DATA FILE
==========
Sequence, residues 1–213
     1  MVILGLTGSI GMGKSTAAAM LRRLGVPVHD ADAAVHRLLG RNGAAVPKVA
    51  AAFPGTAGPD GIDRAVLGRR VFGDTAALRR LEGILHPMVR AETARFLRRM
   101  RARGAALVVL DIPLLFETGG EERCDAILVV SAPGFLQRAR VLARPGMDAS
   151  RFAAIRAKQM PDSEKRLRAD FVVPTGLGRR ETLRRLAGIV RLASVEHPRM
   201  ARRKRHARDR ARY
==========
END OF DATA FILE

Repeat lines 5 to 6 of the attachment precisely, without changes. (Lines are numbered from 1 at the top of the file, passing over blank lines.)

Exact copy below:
   151  RFAAIRAKQM PDSEKRLRAD FVVPTGLGRR ETLRRLAGIV RLASVEHPRM
   201  ARRKRHARDR ARY